And so it is that, the life of the saints, the famous ones like Oscar Romero, can help to orient us when we lose our bearings over the grief of death. We remember that bishop Romero faced up to death, knowingly. He loved his people and served them faithfully. When he spoke the truth as a public figure, he did so knowing his life was on the line. Thirty years later, we remember that it happened at Mass, as he was speaking the words of Christ, to “do this in remembrance of me,” as he lifted the cup of the blood of Christ, and, his blood was spilled too, but, not in vain. It produced a flood of truth telling in El Salvador and all the way to Washington, and the beginning of the end of the death squads. And so today, we remember that Bishop Romero is, ‘present.’
But, most of the faithful who are saints, are not martyrs. Most of us confess the faith and then live lives in the world, unnoticed, and are not known outside our circle of family, friends and church.
I remember a year ago at Thanksgiving, when my family gathered at my sister’s house, how my dad came in a wheelchair for the very first time. He was obviously still delighting in family, especially his grandkids, and one brand new great-grand-daughter. But he was just getting too weak and out of breath to walk very far, or even stand up long. It was disorienting for me even to see him like that, when I had always thought of him as strong and steady, and taller than his three sons.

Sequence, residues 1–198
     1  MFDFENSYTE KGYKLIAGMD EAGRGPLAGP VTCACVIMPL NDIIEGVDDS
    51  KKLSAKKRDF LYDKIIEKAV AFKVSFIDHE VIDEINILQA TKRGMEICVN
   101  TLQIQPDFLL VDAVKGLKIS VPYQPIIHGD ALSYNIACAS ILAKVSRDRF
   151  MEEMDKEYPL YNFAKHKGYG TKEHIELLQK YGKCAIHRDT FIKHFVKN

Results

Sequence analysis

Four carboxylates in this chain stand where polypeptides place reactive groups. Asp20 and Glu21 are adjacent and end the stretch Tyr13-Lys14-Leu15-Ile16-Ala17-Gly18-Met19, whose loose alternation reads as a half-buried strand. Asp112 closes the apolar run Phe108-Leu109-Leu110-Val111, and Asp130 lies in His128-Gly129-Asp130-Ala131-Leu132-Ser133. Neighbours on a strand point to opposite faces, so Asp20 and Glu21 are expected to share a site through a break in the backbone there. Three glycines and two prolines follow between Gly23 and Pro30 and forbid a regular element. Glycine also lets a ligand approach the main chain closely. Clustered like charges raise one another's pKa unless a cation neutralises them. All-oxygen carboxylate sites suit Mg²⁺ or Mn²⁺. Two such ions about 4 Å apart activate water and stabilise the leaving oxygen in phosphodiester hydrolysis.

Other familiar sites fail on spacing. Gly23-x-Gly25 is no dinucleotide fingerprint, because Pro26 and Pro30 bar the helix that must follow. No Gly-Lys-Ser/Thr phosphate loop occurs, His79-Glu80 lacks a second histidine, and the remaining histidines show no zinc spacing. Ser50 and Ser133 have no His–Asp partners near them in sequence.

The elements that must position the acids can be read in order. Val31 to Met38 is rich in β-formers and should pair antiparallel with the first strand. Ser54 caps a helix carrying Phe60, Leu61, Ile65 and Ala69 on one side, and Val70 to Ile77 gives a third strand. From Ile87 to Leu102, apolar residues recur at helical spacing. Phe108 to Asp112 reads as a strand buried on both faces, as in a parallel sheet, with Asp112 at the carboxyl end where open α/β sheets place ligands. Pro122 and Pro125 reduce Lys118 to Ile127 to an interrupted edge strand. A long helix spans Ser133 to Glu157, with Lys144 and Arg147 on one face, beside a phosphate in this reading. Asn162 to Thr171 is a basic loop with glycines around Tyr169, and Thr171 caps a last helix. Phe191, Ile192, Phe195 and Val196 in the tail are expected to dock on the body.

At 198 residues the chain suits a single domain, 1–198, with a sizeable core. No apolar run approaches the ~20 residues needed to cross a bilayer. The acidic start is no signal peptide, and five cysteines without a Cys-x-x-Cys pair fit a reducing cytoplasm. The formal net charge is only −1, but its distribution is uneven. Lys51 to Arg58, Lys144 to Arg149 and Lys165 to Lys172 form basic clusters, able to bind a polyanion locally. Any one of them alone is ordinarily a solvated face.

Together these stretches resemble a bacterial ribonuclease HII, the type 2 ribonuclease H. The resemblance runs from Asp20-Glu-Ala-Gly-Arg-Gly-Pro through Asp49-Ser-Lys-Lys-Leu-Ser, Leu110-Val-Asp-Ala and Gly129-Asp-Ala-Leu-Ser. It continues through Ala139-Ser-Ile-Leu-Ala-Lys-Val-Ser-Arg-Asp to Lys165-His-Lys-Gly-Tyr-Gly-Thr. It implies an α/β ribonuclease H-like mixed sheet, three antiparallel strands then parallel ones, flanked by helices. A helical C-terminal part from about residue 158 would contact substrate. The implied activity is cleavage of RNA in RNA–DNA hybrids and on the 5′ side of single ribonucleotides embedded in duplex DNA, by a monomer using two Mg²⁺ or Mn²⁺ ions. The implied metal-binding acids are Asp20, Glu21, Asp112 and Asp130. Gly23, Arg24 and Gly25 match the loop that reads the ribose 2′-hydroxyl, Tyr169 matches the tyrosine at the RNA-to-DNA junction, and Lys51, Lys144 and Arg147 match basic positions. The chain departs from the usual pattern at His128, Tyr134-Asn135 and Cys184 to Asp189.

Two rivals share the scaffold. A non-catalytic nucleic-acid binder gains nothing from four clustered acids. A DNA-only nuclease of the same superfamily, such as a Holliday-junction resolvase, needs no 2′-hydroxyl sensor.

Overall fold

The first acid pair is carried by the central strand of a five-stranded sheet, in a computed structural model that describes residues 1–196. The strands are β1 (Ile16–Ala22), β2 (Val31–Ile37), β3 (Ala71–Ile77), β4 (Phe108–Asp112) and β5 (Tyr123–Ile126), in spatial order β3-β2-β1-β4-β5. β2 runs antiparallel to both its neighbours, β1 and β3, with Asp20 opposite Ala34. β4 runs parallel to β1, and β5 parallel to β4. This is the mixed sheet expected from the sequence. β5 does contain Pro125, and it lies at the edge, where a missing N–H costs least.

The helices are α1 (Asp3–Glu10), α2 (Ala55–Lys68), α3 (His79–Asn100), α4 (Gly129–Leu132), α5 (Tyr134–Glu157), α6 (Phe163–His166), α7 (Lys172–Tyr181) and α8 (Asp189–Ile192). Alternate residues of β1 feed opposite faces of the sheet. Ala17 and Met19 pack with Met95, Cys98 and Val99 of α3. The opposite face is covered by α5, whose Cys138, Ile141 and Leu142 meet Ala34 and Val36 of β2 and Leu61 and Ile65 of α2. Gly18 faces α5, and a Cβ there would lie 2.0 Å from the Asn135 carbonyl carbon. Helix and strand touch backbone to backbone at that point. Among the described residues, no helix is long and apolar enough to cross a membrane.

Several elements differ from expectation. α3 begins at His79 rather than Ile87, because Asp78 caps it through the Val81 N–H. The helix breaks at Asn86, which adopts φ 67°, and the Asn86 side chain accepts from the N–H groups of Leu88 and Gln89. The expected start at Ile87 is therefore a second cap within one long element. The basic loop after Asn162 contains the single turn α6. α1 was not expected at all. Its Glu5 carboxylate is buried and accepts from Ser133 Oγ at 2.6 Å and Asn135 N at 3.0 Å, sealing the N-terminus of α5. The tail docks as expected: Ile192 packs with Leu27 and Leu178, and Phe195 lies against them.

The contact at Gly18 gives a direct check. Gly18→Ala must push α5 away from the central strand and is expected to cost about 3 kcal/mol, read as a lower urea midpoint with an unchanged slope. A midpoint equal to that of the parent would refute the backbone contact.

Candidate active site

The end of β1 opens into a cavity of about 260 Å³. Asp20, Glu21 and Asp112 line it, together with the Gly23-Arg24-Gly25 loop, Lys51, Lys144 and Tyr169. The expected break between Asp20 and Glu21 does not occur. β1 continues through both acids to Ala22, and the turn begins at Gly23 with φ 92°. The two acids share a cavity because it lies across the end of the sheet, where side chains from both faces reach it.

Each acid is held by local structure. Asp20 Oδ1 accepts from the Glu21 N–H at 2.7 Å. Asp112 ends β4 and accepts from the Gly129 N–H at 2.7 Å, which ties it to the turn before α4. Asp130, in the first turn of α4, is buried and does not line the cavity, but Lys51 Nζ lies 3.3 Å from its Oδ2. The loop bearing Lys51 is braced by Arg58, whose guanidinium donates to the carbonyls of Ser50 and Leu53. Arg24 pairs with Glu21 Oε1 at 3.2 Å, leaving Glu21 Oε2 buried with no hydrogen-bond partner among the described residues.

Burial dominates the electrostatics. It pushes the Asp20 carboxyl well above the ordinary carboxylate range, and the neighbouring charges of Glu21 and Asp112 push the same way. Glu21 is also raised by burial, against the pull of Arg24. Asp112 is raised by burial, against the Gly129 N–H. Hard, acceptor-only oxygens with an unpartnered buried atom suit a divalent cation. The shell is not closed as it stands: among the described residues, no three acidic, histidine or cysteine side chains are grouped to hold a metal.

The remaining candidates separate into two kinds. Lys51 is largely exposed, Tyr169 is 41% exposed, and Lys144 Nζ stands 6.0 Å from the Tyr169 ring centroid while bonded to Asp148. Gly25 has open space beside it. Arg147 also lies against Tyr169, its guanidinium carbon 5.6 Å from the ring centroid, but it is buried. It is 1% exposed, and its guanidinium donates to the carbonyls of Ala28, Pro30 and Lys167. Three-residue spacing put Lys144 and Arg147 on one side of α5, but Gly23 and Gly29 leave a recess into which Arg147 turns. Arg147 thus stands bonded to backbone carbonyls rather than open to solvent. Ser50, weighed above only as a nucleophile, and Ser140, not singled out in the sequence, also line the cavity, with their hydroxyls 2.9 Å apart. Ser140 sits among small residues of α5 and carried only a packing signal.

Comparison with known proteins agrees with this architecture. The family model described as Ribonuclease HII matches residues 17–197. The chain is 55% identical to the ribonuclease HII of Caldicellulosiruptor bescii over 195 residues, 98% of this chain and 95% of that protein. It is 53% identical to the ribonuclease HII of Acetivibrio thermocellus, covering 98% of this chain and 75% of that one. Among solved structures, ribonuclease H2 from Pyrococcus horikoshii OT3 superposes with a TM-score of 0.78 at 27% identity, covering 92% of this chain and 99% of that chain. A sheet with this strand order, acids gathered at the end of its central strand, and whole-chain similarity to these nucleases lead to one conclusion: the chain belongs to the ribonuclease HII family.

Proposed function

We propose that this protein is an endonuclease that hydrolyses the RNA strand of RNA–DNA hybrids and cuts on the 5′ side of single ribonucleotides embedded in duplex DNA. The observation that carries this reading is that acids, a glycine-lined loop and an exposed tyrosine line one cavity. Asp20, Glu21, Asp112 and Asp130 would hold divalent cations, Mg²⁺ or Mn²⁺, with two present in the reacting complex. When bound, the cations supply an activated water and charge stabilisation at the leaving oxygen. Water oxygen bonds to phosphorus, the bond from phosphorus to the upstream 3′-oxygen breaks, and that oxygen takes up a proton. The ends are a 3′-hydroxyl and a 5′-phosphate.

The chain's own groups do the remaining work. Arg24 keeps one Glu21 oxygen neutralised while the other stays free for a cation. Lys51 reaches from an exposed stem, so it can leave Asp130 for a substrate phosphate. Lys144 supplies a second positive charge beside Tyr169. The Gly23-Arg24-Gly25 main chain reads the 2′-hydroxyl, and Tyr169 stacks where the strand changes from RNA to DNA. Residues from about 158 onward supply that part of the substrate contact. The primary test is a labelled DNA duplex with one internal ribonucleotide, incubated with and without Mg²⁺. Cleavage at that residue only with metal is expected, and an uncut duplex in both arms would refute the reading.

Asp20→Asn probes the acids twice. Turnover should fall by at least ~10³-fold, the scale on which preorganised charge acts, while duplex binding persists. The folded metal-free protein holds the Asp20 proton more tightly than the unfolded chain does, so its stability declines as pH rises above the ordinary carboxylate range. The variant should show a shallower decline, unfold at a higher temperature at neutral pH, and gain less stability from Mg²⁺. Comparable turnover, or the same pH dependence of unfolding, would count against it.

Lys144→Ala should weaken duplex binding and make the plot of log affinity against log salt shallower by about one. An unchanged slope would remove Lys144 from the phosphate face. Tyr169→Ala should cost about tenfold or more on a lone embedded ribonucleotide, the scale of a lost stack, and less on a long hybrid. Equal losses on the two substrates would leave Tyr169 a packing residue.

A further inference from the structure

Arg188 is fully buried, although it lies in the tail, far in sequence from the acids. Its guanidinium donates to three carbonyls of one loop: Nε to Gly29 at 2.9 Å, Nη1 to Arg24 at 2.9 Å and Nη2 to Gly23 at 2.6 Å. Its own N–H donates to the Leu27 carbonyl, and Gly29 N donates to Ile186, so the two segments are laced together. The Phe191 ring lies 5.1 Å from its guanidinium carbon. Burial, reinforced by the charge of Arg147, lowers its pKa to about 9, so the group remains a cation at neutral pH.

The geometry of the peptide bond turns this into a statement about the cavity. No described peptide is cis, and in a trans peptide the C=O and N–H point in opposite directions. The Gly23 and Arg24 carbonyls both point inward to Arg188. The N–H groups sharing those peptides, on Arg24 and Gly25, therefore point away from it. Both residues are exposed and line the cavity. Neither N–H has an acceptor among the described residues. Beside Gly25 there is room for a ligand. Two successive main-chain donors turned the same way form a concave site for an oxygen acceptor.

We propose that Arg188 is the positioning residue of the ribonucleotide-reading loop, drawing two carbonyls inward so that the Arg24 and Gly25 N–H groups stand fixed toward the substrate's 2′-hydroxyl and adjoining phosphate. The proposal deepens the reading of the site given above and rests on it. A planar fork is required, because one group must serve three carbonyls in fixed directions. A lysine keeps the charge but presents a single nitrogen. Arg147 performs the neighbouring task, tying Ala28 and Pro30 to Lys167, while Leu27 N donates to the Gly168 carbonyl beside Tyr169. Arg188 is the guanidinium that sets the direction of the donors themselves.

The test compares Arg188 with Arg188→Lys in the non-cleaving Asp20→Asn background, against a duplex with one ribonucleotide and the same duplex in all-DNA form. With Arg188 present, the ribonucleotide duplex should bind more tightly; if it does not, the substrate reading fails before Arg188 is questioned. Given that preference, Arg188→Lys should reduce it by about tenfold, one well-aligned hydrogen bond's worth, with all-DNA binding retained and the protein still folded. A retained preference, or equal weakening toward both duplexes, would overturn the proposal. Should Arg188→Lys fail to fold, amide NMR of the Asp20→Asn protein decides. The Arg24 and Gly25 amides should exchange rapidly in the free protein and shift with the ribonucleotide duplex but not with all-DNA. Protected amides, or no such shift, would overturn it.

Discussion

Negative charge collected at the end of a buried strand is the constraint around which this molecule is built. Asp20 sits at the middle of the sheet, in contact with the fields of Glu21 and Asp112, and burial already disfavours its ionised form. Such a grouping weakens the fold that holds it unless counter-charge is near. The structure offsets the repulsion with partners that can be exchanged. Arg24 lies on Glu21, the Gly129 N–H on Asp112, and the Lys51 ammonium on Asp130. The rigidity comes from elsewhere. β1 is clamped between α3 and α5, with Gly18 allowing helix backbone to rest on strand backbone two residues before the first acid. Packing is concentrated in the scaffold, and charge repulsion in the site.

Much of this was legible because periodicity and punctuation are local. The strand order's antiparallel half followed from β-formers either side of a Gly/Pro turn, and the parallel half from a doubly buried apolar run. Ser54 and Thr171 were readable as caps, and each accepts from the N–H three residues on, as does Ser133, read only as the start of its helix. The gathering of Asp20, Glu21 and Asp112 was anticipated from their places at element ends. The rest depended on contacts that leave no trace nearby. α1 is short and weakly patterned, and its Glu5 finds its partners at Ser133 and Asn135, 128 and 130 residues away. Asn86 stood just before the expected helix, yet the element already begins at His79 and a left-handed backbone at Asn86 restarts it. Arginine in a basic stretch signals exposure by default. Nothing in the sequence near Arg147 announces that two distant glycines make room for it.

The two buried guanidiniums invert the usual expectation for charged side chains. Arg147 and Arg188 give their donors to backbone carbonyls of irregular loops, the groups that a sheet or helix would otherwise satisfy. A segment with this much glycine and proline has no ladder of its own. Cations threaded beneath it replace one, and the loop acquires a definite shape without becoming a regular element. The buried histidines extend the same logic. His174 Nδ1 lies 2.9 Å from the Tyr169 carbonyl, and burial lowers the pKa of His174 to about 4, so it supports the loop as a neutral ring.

At New Year’s, we visited again, which was to be the last time I saw him at home. I didn’t know it would be, but somehow, he must have, because as I was saying good-bye, he rose from the wheelchair to give me a hug and a blessing. A real final blessing, that he was proud of me and of my dedication to my calling as a pastor. That kind of frankness was not his usual style, and, it disoriented me again. But it was a gift I know many don’t get, for any number of reasons. He died in hospice care a couple weeks later. But, like all the saints that come and go in our lives, all our loved ones and friends, he is here, ‘present.’
“God put the power of [life] to work in Christ when he raised him from the dead and seated him at his right hand in the heavenly places,” says the writer of Ephesians, “far above all rule and authority and power and dominion, and above every name that is named, not only in this age but also in the age to come.”
Even those saints who aren’t famous, the brothers and sisters in the faith that we know and love, are still blessed every bit as much as those who are. We call out their names, and mark them present with us, in Christ.
This is the promise and power of Jesus, the name above every name, in every age: that he reconciles us with All the Saints, the great cloud of witnesses, those who have gone before us, and even those yet unborn, and that, Christ will be with us, Present, always!